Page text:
Posted in family, motherhood, parenting

Explaining Death and Loss

When I was 16 I took a trip to our local animal shelter. I found a sweet 9 month of German shepherd mix, Brandi. I don’t often believe in love at first site, but believe me when I say- it happened for me that day. I am a firm believer that pets our family. Rescuing dogs is such a rewarding feeling because these dogs are so grateful for you. Some rescue dogs don’t know what it’s like to have a home,  to be warm, to be loved. If any of you have gotten rescue dogs, you know that it’s not always sunshine and rainbows. These dogs are often skittish, defensive, and untrained. It takes a lot of patience to raise a shelter dog.

When I started to have children of my own, she wasn’t exactly keen on the idea. Small children made her very nervous. She always wanted to be around them (and me) but wasn’t very affectionate to them, she was very defensive. That being said, we did separate her from the kids unless we were there to supervise. Because of this, my children were never really close with my dog. They both still got the love they needed from me, just not with each other.

13 years after I took her home from the pound we found ourselves having to say goodbye to my “first born”. Very common with shepherds, she was losing strength in her back legs, she was losing a lot of weight, and also losing her hearing and vision. There is never a right time to say goodbye to your pet.  You don’t want to say goodbye too early, but you also don’t want them to be in pain or suffering. It’s an impossible decision, one that I did not want to make. With heavy heart I scheduled her to be put down.

Introducing death to children

We have experienced death once before. My grandmother died December 2018 when my son was 4. It was very difficult for him to understand back then. The only thing he did really know was that I was flying back home for a week and he had to stay in California with his dad. To him that was the only part that mattered, which to me, is very age appropriate. 

To prepare my oldest about Brandi, I told him that she was getting sick and was going to die soon. Eli, who is normally very emotional, just kind of shrugged it off. It kind of caught me off guard but he wasn’t that close with her, so I let it go. A couple minutes go by and Eli casually says to me, “Mom, when Brandi is dead, can we put all of our toys in the middle of the yard?” uhhhhhhh, sure. 

The day we planned to put her down, I took one last swing at explaining things to him. I again said that she was sick and that we were taking her to the doctor and we were putting her down. He didn’t really say much again. He did tell me that it made him a little sad but he would forget about her. I said well of course you will, you’re only 6 and you weren’t that close with her. It would be totally normal to forget about her. What he said next just blew my mind. After a beat he says “When you die I will probably forget about you too.” I said well I hope not!!!!!! To which he replied “I will just find another lady and say ‘will you be my mom because mine is dead.” Lol WHAT!?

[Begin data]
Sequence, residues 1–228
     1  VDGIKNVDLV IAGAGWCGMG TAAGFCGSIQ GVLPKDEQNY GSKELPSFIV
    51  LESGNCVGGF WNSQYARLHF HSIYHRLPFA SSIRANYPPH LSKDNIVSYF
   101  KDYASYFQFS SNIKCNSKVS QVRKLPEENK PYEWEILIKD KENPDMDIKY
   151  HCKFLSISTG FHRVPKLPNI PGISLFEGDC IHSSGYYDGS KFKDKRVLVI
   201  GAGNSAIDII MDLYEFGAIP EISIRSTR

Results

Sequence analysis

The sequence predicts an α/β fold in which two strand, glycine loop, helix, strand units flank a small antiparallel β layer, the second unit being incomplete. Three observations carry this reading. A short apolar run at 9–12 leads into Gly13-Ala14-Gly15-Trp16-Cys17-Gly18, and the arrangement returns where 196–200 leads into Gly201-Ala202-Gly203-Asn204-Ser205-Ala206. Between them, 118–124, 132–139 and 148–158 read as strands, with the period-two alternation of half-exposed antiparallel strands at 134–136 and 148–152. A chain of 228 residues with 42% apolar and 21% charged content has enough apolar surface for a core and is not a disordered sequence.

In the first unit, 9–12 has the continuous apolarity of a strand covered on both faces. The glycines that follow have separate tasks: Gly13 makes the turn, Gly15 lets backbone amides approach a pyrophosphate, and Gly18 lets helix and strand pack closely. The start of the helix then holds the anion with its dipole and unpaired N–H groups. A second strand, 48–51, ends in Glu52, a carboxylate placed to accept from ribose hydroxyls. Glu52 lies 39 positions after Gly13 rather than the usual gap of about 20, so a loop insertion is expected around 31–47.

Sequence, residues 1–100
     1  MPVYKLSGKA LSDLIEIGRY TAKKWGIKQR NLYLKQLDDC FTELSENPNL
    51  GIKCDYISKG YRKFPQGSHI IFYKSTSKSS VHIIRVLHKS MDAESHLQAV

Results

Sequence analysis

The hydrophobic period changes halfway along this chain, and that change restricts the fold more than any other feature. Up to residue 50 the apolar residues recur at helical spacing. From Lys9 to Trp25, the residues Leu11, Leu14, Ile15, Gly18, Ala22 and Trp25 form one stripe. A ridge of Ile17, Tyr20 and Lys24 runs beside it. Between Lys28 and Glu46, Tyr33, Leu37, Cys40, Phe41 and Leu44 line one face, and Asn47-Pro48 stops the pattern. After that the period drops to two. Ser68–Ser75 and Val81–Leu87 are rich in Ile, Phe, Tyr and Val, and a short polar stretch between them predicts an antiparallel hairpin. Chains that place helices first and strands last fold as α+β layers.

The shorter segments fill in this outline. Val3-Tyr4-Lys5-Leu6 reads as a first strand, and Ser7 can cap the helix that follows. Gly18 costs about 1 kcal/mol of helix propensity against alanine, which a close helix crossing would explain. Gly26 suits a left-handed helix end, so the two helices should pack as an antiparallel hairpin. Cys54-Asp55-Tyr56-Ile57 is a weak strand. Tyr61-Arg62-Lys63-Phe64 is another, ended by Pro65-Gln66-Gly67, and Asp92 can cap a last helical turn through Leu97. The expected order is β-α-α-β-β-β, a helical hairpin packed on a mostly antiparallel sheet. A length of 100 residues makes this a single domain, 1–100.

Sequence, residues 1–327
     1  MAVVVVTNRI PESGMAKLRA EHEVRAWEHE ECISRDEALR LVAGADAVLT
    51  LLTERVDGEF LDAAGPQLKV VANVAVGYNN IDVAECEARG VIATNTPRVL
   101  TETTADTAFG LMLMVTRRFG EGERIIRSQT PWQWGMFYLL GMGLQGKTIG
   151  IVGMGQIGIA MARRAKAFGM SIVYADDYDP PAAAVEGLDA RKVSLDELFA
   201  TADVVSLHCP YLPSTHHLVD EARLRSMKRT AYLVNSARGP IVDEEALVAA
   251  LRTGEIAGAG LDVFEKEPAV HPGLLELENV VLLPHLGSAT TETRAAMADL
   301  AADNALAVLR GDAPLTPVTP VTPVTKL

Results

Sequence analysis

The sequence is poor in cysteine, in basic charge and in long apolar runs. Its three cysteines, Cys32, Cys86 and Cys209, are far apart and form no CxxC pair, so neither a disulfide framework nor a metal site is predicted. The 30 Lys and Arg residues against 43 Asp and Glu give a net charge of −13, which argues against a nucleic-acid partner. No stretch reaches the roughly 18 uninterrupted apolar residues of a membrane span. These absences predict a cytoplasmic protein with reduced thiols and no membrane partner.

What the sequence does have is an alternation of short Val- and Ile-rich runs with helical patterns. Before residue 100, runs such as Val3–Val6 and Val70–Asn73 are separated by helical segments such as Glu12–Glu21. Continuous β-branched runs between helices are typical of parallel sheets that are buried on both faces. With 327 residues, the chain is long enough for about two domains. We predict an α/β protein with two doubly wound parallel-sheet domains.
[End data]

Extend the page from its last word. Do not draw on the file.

Listen, 6 years old is still very young to understand death and dying. I know this. I also know that it is very easy for children on the spectrum to view things as simply black and white. They can often be very blunt, have difficulty understanding and processing their emotions, and usually don’t react the same way as average functioning people would. If Eli’s ipad dies while he is in the middle of a game, what does he do? He is up in arms, falling to the ground, sobbing, he’s inconsolable. When it comes to the death of a family member or pet, not even a single sad feeling. I think this is the beauty of children. They don’t understand life yet. They are innocent. No real understanding of life, death, hardships, tragedies, war, etc. Of course, I’m not speaking for all children. There are definitely children who have lived these, and understand these. But When I look at my children, I see innocence. One day they will get to the point where they know and understand these things.

My children will one day feel true pain, and when that day comes I will be here, I will be ready. In the meantime, all I can do is mourn the loss of a dog that was in my life for over 13 years. The day I put her down will forever be etched in my memories. 

To Brandi- I love you so much. You were a beautiful, loving creature. You were my best friend and my “first born”. You are irreplaceable. 

Author:

29. Stay at home mom. funny, sarcastic, sympathetic, and a lover of memes.

Leave a Reply

Fill in your details below or click an icon to log in:

WordPress.com Logo

You are commenting using your WordPress.com account. Log Out /  Change )

Google photo

You are commenting using your Google account. Log Out /  Change )

Twitter picture

You are commenting using your Twitter account. Log Out /  Change )

Facebook photo

You are commenting using your Facebook account. Log Out /  Change )

Connecting to %s